What right does anyone have to require that in order to live unabused they must live up to a standard the abusers don’t expect of themselves? It’s a lose-lose situation. Ceding to fatphobes the right to question your existence also cedes to them that if you as a fat person didn’t perform exercise, or didn’t count calories, or weren’t ‘healthy,’ or were disabled, or just didn’t adhere to the Healthistic model of virtue, that they would be justified in flailing and abusing you.

Dear fat people: you don’t have to justify your existence. You aren’t supervillains: if you don’t fit into the Healthistic box the fatphobes say you must the world won’t stop turning. Children won’t die. The landmass of your country won’t be swallowed by the oceans. You won’t suddenly get all the so-called fat diseases. You won’t bankrupt your government’s economy.

You will be one precious person saying, “No. Healthism is wrong. Health is bullshit. You’re creating a hierarchy of acceptable, codified discrimination with a bullshit arbitrary measure. And I’m not buying it.”

One precious person, going against a seemingly irresistible tide. You won’t be the villain. You’ll be the hero.

Support Sara Koffi’s “Class Dismissed”

I was contacted recently by Sara Koffi, a plus-sized, African-American aspiring filmmaker and screenwriter about an eminently worthy film project called Class Dismissed, for which she needs funding. Help Sara say what she wants in her own words (which is the only true “right” way), without having to give up control of the creative process and hence dilute her genuinely size positive, LGBT* positive, sex positive message. Her appeal is below, including a link to where you can donate, which I’ve also included here.

Also note that Sara has a guest post up at Shakesville (published yesterday).

My name is Sara Koffi. I’m a plus sized, African-American aspiring filmmaker and screenwriter. I’m from Memphis, TN and have been “knocking” on Hollywood’s door for the past two years. My artistic focus has always been on creating something that would depict honest experiences.

But…I’ve learned that reality and Hollywood don’t always get along. After getting an offer to present my work in the “right” way (none of that topic, too much of that topic, etc), I decided to go another route. I realized that I’d have to be in charge of the full creative process if I wanted to create something less problematic. Something genuinely hilarious and poignant, that wouldn’t rely on stereotypes for the sake of entertainment (because that’s pretty gross).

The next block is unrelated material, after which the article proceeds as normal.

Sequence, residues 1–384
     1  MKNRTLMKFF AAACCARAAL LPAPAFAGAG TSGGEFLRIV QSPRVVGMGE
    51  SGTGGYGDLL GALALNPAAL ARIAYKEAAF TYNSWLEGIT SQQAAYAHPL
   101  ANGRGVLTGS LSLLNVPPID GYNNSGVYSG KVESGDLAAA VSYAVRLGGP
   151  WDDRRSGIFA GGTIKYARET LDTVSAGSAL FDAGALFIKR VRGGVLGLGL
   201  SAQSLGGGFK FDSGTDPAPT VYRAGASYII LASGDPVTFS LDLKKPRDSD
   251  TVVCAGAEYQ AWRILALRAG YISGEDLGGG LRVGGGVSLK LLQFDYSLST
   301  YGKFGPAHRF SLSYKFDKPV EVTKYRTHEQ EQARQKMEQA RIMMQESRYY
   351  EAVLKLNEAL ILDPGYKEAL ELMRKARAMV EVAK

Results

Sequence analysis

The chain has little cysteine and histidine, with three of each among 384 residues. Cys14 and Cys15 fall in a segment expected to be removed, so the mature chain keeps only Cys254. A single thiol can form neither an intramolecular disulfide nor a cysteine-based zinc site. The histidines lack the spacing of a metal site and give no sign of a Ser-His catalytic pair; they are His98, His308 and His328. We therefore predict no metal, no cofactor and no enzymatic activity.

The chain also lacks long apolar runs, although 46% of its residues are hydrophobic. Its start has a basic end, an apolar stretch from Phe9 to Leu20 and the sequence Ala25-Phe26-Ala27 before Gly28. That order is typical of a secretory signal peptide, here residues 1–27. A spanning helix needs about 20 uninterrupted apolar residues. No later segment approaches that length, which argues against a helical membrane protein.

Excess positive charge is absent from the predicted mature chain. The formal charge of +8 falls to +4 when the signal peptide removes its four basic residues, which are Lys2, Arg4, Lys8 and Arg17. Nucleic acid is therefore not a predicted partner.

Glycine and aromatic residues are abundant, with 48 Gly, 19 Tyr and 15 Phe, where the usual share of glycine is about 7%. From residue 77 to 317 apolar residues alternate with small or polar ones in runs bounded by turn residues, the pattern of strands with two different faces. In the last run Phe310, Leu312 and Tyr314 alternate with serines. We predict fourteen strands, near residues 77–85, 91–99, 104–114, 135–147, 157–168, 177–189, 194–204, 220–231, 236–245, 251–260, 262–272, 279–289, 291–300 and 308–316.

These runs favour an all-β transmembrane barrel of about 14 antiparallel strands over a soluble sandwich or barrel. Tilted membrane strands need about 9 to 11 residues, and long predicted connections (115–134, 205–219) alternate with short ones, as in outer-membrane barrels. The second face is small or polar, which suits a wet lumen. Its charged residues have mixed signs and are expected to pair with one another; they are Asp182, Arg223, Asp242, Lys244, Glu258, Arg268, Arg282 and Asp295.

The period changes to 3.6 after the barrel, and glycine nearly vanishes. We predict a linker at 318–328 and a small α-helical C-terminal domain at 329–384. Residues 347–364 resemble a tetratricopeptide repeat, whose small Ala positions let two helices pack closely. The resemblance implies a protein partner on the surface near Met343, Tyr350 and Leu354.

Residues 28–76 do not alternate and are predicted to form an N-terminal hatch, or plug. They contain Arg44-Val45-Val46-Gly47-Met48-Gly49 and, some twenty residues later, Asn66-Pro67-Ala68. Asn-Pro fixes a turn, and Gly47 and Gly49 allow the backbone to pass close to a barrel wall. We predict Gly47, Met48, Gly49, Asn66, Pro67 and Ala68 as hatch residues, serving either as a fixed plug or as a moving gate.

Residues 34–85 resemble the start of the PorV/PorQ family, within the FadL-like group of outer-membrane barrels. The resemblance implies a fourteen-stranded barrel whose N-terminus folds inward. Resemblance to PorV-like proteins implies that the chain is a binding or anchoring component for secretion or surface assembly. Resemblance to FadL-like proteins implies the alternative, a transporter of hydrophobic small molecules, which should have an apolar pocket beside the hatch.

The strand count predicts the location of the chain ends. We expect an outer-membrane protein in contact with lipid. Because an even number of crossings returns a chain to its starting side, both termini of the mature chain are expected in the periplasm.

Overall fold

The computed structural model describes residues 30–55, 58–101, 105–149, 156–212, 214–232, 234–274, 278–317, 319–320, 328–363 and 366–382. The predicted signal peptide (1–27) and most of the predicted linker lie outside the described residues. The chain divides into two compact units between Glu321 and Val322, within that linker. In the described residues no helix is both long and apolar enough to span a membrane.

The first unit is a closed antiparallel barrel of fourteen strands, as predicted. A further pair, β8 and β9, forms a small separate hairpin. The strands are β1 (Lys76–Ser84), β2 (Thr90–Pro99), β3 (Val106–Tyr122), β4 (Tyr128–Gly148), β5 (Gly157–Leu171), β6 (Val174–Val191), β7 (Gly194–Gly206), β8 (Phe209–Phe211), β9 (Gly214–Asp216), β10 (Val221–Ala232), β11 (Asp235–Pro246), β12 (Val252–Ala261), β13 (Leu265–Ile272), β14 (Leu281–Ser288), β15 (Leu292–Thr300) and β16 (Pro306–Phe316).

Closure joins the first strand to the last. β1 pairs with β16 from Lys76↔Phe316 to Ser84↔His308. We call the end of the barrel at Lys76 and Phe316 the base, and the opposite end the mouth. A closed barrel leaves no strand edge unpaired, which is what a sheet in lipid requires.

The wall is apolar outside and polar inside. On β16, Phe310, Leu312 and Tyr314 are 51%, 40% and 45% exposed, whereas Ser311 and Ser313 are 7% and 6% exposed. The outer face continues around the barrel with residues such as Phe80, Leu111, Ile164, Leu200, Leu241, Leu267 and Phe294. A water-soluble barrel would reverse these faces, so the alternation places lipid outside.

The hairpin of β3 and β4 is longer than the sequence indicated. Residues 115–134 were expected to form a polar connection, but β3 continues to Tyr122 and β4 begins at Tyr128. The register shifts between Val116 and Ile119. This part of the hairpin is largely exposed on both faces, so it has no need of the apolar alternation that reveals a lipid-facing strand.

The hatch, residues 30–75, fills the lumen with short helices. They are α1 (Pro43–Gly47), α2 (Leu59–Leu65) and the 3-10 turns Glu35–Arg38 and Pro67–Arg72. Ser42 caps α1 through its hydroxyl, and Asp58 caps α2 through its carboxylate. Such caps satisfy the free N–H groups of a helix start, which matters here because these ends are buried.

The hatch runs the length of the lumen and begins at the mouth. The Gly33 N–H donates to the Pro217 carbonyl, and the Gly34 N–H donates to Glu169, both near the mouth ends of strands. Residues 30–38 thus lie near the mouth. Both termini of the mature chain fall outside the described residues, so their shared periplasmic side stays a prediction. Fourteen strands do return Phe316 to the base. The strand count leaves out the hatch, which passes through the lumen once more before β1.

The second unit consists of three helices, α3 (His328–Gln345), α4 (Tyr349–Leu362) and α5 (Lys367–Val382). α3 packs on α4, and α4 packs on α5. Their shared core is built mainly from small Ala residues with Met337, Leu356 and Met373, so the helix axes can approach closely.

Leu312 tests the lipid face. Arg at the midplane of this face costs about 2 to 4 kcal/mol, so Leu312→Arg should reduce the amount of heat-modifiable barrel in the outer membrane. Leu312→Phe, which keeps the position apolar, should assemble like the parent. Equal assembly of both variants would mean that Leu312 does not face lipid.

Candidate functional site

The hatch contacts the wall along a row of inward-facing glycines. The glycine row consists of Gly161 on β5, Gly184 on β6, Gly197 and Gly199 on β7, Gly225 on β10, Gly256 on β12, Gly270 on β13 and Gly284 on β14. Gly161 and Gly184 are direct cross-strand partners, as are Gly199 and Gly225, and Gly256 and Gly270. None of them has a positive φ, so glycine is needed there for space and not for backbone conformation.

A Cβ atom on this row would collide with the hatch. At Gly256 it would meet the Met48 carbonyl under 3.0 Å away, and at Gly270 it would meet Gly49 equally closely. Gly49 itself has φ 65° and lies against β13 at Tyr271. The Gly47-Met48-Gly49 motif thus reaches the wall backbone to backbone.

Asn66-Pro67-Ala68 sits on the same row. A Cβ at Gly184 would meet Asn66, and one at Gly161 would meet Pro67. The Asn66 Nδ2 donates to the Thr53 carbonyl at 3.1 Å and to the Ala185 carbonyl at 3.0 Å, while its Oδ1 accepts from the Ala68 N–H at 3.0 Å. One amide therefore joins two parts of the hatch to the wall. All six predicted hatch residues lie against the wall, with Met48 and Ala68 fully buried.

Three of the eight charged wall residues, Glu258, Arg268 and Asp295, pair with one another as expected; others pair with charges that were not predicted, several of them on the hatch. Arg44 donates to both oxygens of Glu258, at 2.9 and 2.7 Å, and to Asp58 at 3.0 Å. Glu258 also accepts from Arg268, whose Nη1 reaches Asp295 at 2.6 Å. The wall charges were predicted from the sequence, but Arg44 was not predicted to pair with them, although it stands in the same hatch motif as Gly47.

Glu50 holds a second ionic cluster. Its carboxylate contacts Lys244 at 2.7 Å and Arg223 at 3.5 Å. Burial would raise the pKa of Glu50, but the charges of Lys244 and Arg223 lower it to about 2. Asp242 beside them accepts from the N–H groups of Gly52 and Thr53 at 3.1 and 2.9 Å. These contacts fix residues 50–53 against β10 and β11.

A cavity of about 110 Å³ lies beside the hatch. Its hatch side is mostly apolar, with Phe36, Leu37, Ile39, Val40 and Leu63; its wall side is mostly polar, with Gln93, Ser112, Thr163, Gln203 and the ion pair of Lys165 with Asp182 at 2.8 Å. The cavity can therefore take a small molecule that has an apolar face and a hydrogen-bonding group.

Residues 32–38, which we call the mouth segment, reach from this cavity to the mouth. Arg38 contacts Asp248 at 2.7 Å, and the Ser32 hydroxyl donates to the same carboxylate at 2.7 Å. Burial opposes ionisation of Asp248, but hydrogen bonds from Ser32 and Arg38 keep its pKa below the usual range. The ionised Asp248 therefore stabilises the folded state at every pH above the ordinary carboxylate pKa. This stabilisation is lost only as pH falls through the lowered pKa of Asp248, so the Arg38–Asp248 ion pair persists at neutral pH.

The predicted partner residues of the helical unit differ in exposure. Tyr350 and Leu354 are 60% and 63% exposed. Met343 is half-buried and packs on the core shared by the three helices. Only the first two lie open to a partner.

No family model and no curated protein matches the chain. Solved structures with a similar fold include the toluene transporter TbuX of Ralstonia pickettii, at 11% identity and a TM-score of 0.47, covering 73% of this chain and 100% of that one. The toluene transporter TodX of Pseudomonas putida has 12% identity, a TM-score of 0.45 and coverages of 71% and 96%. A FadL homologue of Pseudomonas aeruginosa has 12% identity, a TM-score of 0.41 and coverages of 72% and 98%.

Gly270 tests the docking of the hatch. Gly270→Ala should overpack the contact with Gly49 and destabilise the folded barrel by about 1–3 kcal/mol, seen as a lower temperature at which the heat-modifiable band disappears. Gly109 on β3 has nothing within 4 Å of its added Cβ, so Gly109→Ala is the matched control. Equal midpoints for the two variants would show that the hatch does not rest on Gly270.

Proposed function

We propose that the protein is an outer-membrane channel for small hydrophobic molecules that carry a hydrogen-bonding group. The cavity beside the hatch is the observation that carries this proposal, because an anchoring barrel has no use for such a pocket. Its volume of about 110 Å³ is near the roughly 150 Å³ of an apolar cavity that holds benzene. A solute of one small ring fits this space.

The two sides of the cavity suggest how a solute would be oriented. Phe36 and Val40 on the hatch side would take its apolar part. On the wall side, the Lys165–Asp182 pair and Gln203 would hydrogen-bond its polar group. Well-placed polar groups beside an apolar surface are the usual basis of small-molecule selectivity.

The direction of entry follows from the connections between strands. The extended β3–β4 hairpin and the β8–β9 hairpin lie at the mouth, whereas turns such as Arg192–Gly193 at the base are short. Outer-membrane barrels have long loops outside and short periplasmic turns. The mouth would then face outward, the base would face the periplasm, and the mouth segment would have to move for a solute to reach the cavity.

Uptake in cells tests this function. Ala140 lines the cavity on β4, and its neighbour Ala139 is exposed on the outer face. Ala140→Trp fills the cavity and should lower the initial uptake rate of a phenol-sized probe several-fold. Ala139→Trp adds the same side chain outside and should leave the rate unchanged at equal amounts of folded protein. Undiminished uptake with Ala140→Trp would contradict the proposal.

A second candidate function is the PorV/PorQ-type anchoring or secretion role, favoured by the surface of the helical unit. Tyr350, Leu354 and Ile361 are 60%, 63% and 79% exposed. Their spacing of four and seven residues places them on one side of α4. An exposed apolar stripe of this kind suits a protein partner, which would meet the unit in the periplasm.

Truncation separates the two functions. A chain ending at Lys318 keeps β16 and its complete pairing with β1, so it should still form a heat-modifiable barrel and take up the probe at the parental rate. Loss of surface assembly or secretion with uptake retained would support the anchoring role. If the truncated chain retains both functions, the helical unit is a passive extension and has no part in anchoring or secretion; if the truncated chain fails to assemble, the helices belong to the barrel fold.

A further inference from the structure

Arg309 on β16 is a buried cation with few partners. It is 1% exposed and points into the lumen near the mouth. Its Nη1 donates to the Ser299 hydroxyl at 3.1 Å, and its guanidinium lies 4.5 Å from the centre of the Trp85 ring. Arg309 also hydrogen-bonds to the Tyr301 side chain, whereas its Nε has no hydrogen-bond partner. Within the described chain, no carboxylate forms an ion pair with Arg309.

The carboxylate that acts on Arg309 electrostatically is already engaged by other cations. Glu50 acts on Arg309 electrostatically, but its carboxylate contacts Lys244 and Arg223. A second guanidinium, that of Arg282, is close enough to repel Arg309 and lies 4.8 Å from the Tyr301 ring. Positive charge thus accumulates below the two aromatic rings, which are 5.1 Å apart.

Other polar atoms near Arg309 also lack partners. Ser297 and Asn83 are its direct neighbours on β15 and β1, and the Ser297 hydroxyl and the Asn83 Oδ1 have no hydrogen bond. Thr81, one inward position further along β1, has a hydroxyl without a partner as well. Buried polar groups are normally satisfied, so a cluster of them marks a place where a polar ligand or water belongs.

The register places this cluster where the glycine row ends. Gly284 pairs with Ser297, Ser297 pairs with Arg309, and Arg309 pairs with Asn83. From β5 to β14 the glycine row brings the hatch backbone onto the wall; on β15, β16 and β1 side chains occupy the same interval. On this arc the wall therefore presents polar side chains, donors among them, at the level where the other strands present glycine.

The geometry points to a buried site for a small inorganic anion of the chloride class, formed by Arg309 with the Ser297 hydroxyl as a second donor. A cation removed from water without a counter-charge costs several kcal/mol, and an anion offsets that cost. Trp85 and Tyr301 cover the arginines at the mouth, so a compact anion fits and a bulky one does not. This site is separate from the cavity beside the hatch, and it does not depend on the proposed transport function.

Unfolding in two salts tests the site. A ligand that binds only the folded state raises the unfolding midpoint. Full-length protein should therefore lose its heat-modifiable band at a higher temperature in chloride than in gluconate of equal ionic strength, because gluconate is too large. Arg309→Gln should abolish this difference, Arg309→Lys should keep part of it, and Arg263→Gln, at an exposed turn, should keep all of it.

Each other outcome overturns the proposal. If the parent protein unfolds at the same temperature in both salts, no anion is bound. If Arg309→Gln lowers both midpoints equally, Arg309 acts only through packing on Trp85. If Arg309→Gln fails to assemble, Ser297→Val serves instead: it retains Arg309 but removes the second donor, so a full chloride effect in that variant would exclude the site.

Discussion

So I came up with Class Dismissed.

Class Dismissed is a feature length dramedy about Christy, a plus sized escort and Aubrey, a chronic overachiever with some coming out to do. It follows their college lives a few days before Aubrey’s parents are coming over to visit and before Christy meets a confused conservative type who she maybe kinda’ likes.

I’ve got the background, the ability and the ambition…But not the funds to make this movie happen. Which is why I’m writing you. I only ask from support from the people that want the same thing I do: less problematic entertainment. I want Class Dismissed to be genuinely body positive, genuinely LGBT* positive, genuinely sex positive (no slut shame in my game) and genuinely based on the realities of college.

If you’d like to share this idea, the link is below:


Thank you so much!

Peace and love,

Sara Koffi

The Fucking Awesome Truth

Go read this fucking awesome post by Joanna at Dead of Winter:

The Truth is Radical

It will blow your fucking socks off. It’s so old-school FA, I’m all a-quiver like it’s 2007 again. Dammit, I miss Junkfood Science!

Some candy:

Instead of feeling liberated with the knowledge that I was not a failure or defective because of my weight, my health, or my lifestyle, I insisted on holding onto my prejudices, not just against others, but myself.

Why would someone do this?

The reason is two-fold: One is that we still want to hold on to “The Fantasy of Being Thin” that Kate Harding discusses. The other, more subtle, one is that we can’t bear to face it. To face it would be to realize just how thoroughly people hate us and how pervasive fat hatred is, inserting itself in every area of life, held by virtually all people in our culture, and knowing there is no escape for it.

Ding-ding-ding-ding-DING! Sometimes when I really think about how much I’m hated — how irrevocably the culture equates my value as a human/women to my weight, and how many times and in how many ways I’ve been discriminated against, seen as less valuable or even valueless because I’m fat — well, I get really fucking depressed. It’s hard to handle. Really hard.

Finally, holy awesome, Batman: